• A formalized context-appropriate process to help resolve asymmetries and to support greater involvement and access for collaborators who might be otherwise sidelined.
  • A steering group (“brains trust”) drawn from several disciplines – artists, scientists, curators and other academics – to work through new proposals together.
  • An optimal environment for the display of work that is technically networked with access to collaborative display systems, a strong flow through of people with street visibility, a lab-like area designed for collaborative process, and a space with lounge-like ambience for learning and open dialogue.
  • In terms of public engagement and education, a high-level understanding of communications and social change theory is valuable, along with clear methods for outreach and education beyond the walls of an organisation.

Other experiences

Major funding bodies and diverse grant schemes in the USA, the UK and Australia have fostered hundreds of collaborations between artists and scientists in recent years, reflecting a growing confidence in the potential for transdisciplinary learning embedded in hybrid practices. This increased funding for arts–science endeavours has further assisted in removing barriers to collaboration and catalyzed new types of relationships between diverse institutions, promoters, and venues, and with public and professional audiences. However, there is still much more to do to overcome the social and material barriers that restrict such boundary work.

Advocacy organisations such as the Sciences, Engineering, Arts and Design (SEAD) network look for ways to address many of the fundamental challenges in arts–science partnerships including the need to generate public dialogue about the intellectual, cultural and economic potential of creative intersections of art, science and technology (Malina, Strohecker and LaFayette 2015).

We are interested in the experiences of others. Do these insights resonate with your practice? What are your thoughts on the challenges and opportunities of working in arts–science collaborations?

To find out more:

Leimbach, T. and Armstrong, K. (2018). Creative Partnerships and Cultural Organisations: “Enabling” and “Situating” Arts–Science Collaboration and Collective Learning. In, D. M. Fam, L. Neuhauser and P. Gibbs (eds.), Transdisciplinary Theory, Practice and Education: The Art of Collaborative Research and Collective Learning. Springer: Basel, Switzerland. (Online – book details): https://www.springer.com/us/book/9783319937427

The two projects which underpin this article are:

Black Nectar and Over Many Horizons (O|M|H), both on the Embodied Media website of Keith Armstrong.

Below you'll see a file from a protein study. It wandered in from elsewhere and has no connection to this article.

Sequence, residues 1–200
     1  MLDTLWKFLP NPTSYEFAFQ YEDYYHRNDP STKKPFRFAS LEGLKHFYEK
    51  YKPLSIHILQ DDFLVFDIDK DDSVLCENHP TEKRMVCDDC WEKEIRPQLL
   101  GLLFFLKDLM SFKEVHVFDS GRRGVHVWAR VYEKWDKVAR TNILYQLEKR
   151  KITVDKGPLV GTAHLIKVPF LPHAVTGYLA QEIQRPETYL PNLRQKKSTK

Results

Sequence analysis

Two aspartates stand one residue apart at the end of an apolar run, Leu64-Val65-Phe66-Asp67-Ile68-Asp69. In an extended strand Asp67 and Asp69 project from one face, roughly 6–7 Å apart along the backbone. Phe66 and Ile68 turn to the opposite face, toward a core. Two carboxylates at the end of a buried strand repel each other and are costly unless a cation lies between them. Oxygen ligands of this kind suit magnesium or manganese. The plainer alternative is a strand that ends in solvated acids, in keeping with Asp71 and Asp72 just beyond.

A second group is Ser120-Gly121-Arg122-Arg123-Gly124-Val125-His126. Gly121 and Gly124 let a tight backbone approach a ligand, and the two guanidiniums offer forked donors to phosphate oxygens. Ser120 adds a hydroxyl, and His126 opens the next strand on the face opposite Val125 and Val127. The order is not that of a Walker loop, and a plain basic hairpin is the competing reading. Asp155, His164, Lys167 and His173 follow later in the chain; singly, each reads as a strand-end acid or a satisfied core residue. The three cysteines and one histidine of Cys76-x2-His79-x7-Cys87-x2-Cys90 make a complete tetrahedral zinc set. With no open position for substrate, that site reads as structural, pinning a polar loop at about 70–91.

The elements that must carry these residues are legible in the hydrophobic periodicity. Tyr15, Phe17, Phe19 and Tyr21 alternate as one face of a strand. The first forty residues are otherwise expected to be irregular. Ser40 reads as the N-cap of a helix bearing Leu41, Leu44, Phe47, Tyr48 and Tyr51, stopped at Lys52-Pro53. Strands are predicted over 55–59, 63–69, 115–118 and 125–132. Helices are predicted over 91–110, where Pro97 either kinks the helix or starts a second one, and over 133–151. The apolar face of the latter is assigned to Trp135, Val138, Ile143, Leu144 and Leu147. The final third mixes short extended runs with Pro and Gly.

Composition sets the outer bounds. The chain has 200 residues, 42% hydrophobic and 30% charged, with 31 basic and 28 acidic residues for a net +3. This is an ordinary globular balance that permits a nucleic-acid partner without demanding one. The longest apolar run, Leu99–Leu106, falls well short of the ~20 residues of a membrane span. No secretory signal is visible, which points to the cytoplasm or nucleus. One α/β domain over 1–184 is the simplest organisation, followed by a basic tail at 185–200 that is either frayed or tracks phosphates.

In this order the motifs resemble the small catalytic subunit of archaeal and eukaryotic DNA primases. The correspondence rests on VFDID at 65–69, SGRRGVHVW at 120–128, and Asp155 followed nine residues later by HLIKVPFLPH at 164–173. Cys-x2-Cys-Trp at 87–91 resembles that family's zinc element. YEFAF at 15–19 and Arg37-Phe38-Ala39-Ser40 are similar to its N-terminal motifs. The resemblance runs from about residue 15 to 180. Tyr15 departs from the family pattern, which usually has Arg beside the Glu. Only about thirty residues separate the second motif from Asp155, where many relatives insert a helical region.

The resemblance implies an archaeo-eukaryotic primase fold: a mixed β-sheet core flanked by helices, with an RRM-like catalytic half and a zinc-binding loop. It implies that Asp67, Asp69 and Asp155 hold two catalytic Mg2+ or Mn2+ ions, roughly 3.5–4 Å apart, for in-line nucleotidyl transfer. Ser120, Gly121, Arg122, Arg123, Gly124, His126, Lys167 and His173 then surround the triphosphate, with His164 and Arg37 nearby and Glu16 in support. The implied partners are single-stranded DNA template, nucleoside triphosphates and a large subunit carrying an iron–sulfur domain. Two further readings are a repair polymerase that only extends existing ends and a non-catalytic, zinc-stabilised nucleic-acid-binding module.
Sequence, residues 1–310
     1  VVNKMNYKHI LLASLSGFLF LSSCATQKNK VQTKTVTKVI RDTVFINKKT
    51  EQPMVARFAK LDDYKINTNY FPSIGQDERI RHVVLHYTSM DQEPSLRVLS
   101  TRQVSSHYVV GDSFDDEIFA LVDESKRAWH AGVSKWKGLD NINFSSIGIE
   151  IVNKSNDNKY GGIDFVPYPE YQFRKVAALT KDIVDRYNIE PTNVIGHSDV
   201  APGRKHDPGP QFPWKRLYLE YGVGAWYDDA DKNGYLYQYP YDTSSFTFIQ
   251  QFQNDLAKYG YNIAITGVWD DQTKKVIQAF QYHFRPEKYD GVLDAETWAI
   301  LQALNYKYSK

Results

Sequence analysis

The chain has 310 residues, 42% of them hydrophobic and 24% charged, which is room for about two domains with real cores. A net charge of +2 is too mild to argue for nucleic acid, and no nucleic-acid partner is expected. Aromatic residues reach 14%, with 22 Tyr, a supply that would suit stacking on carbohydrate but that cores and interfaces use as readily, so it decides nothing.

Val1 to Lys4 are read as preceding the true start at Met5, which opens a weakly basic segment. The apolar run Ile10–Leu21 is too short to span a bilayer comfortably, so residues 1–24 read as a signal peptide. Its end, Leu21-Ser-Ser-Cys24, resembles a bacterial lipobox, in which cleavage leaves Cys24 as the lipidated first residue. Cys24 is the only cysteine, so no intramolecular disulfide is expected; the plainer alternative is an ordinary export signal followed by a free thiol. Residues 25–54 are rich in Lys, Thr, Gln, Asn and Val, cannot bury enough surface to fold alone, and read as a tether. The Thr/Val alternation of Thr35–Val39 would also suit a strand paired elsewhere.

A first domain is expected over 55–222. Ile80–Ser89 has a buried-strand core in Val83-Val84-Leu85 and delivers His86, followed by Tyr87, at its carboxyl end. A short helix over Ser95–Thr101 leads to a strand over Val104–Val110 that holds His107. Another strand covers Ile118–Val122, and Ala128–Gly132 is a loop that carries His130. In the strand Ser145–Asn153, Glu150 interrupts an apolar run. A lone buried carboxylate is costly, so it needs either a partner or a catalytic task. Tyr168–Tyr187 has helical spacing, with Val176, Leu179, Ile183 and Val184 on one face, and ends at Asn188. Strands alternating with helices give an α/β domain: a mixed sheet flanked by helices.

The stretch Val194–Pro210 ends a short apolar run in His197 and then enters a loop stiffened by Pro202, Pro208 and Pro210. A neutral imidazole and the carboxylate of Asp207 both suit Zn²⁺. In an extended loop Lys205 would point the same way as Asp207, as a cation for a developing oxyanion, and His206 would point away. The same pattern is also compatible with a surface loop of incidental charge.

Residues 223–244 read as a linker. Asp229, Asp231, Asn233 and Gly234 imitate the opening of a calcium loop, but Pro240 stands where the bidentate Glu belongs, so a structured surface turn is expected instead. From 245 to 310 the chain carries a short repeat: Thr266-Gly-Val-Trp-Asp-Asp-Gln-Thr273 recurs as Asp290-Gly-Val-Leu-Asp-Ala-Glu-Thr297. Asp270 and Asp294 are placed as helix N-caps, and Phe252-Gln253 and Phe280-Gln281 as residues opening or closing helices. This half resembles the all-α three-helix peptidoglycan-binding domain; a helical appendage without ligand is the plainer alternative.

Reference:

Malina, R., Strohecker, C. and LaFayette, C. (2015). Steps to an Ecology of Networked Knowledge and Innovation: Enabling New Forms of Collaboration among Sciences, Engineering, Arts, and Design (On behalf of Science, Engineering, Arts and Design (SEAD) network contributors). The MIT Press: Cambridge, Massachusetts, United States of America.

Biographies:

Tania Leimbach Tania Leimbach PhD lectures within the School of Communication at the University of Technology Sydney, Australia, and within the Masters program at the University of New South Wales Art + Design. She examines art/science partnerships and the potential for transdisciplinary learning embedded in new forms of collaborative practice. She also works as a communication strategist and consultant for social enterprises and on environmental campaigns.
Keith Armstrong Keith Armstrong is a freelance media artist and part-time senior lecturer within the School of Creative Arts at Queensland University of Technology in Brisbane, Australia. His research is profoundly motivated by issues of social and ecological justice. He has specialised for over twenty years in collaborative, experimental practices with emphasis upon innovative performance forms, site-specific electronic arts, networked interactive installations, alternative interfaces, art–science collaborations and socially and ecologically engaged practices. His engaged, participative practices provoke audiences to comprehend, envisage and imagine collective pathways towards sustaina-ble futures. Through inventing radical research methodologies and processes he has led and created over sixty major art works and process-based projects, which have been shown extensively in Australia and overseas.

Article source: Improving transdisciplinary arts-science partnerships. Republished by permission.

Header image: Shifting Dusts, 2016, Over Many Horizons (Image: David Lawrey), CC BY-NC-ND 2.5 AU.

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i2insights

Integration and Implementation Insights (also known as i2Insights) is a community weblog for researchers who are interested in sharing concepts and methods for understanding and acting on complex societal and environmental problems (problems like refugee crises, global climate change, and inequality). The blog is run by the Integration and Implementation Sciences (i2S) team at The Australian National University.